The Red Lion, Jewellery Quarter, Birmingham
The Ort Cafe, Balsall Heath, Birmingham
To get the most out of Birmingham’s Friday evening jazz offer you really need a car – or taxi fare.
I started out in the upstairs room of The Red Lion in Warstone Lane, with the friendly bunch from Birmingham Jazz, and the “stage” quarter of the room filled with the impressive drum kit of Asaf Sirkis, and the guitars, pedals and amps of bassist Kevin Glasgow and guitarist Tassos Spiliotopoulos.
They were mainly playing music from their latest CD, Shepherd’s Stories – well the latest from Sirkis and Spiliotopoulos; Glasgow has stepped in recently to replace Yaron Stavi, who is touring with Nigel Kennedy – and very impressive it was too. It’s a band of melodicists – to my ears even Sirkis seems to be playing tunes – and players whose considerable technical prowess never feels like it is being used to show off, but for the sake of the music.
Spiliotopoulos was particularly forceful on Meditation, while Gibson turned in an extraordinary solo using both hands tapping on the fretboard of his six-string bass during Dream Sister.
Then, while the rest of the crowd was enjoying the delights of the half-time raffle it was back to the car and heading south to hear Tobias Delius, the British-born tenor player and clarinettist now based in The Netherlands, together with Ollie Brice on double bass and Miles Levin on drums.
Where the jazz of the Sirkis Trio is a strongly-composed, modern rock-fusion, complete with up-to-date technology – headless electric guitar, tone pedals plugged in, and the kind of timbres inconceivable without the electric manipulation of sound, Delius and crew play an acoustic (well, Brice had an amp, but you know what I mean) unrehearsed, free jazz. It felt like moving from a high-tech age to a more primitive time.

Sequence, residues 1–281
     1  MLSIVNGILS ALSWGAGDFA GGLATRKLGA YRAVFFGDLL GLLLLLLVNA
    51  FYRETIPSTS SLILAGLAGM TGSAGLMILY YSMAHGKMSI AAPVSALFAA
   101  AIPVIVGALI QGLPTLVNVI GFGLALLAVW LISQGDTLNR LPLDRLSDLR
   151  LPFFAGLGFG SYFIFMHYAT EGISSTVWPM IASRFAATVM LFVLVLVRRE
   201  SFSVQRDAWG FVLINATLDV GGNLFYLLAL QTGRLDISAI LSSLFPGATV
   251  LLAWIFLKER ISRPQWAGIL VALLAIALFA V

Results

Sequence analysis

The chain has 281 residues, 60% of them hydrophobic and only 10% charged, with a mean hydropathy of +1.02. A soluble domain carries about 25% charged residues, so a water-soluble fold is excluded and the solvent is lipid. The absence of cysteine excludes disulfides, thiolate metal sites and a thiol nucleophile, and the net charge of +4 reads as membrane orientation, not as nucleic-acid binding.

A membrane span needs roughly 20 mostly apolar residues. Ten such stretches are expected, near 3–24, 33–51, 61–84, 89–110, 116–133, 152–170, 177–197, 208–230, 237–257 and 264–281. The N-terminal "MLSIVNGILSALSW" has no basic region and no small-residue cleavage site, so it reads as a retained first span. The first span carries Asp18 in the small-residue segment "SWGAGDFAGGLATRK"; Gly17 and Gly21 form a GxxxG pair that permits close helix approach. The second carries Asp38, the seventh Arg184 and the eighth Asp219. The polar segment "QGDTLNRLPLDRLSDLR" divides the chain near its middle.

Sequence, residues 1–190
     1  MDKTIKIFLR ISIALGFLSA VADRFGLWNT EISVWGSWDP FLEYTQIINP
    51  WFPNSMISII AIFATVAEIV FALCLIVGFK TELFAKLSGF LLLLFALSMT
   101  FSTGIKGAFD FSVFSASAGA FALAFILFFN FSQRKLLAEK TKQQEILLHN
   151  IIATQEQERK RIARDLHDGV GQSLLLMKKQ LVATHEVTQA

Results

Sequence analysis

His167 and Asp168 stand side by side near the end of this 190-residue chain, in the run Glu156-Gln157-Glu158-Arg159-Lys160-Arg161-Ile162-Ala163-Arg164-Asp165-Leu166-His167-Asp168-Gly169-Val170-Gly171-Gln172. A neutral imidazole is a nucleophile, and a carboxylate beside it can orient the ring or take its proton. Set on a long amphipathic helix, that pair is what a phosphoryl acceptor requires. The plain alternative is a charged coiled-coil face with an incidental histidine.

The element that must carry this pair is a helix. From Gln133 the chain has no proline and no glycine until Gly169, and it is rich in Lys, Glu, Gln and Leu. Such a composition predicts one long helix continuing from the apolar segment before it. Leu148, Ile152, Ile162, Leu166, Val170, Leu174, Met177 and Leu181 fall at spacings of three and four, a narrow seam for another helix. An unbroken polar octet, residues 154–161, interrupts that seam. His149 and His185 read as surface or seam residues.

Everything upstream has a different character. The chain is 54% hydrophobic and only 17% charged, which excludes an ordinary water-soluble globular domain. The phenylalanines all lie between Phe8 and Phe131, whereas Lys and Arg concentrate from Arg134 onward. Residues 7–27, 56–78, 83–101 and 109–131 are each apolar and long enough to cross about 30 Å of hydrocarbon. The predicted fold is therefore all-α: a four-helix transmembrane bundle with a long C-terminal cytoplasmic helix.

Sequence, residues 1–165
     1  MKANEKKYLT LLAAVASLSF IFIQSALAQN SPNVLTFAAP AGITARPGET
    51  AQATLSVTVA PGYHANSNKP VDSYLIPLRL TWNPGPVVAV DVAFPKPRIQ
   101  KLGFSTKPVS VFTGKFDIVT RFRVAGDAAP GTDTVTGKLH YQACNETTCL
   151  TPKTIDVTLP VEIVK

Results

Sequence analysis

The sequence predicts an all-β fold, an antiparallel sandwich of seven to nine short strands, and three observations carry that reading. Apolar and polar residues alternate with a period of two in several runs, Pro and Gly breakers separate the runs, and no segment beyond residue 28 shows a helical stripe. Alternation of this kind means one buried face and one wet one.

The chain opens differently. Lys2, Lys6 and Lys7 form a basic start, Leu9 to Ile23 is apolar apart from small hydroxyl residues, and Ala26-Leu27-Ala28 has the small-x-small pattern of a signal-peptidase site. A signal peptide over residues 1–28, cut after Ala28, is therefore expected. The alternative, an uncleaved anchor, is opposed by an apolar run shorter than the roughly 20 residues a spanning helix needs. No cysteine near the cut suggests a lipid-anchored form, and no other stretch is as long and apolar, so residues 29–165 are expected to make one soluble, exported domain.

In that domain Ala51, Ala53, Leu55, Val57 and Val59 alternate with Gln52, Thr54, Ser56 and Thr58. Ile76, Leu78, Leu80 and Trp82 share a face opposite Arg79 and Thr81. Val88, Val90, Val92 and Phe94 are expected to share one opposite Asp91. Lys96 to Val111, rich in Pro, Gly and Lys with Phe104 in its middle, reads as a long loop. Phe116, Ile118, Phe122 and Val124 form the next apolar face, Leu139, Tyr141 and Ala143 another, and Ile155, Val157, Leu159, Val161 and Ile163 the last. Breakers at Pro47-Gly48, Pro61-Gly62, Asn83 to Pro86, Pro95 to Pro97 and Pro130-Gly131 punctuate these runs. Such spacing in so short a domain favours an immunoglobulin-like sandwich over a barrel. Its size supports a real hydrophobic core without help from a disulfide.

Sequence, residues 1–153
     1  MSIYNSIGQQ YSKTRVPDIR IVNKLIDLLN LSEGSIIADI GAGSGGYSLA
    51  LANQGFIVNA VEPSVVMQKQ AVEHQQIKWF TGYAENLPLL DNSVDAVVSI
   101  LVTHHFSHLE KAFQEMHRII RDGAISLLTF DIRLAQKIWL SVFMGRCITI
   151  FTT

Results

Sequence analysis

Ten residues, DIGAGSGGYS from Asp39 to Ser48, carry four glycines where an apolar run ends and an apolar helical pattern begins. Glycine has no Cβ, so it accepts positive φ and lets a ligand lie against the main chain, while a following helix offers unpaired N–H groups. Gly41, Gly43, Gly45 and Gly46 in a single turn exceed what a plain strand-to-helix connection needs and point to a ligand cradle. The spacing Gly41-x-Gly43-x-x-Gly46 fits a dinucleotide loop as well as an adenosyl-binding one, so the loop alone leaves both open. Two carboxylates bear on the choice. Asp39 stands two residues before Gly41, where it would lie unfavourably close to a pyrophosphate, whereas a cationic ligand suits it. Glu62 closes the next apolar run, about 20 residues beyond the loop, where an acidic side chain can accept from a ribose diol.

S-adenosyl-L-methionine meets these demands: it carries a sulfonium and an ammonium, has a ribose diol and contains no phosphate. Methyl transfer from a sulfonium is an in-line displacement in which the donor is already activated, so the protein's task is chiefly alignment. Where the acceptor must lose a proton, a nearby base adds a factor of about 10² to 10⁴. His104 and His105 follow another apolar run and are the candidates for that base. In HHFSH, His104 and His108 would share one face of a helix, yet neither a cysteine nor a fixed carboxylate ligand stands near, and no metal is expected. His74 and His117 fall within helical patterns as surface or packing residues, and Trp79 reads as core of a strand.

This is not to suggest that the music was in any way less sophisticated in its conception or execution at The Ort. Delius has a hugely appealing persona – a balding bear of a man speaking through his horns, telling us tragicomic stories, blustering, exclaiming, bellowing, then chattering almost inaudibly, squeaking with delight… all with boundless energy and an acute ear for the mood of his fellow players.
Brice and Levin (just in for this gig; the rest of the tour has Mark Sanders on drums) responded in similarly individual mode, and with the same mix of energy and sensitivity. They all looked and sounded like they were having a ball.
For the second set a second bear-like figure joined them from the audience: Paul Dunmall.
What a treat this was! And what complementary players Delius and Dunmall are. The similarities lie in their equal experience and facility in the free jazz area; the differences are a bit like comparing straight man and funny man in a double act. With Dunmall one takes delight in what he plays; with Delius one takes delight in how he sounds.
That’s a simplification, of course. In a world of players with a strong tone, Dunmall has a particularly centred and robust one. He can vary it when he chooses but mainly he plays with a relatively conventional sound, creating highly original and creative, completely cliché-free lines of improvisation. Delius plays some interesting lines, too, but mainly he plays with pops and gasps, overtones, double tones and all kinds of vocal inflections.
And they had a remarkable instinct for playing around one another, a dance that involved no treading on toes. A particularly fruitful and enthralling coming together.
This was a rich evening of music, indeed. I drove home exhausted – and musing on just wonderful it is that both these highly contrasting bands can unite under the overall banner with that word “jazz” emblazoned upon it.
- Tobias Delius, with Ollie Brice and Mark Sanders, continues his tour over this weekend – details of other dates here.
- And look out for Paul Dunmall at 60 – a special Jazzlines concert next month – details here.
Categories: Live review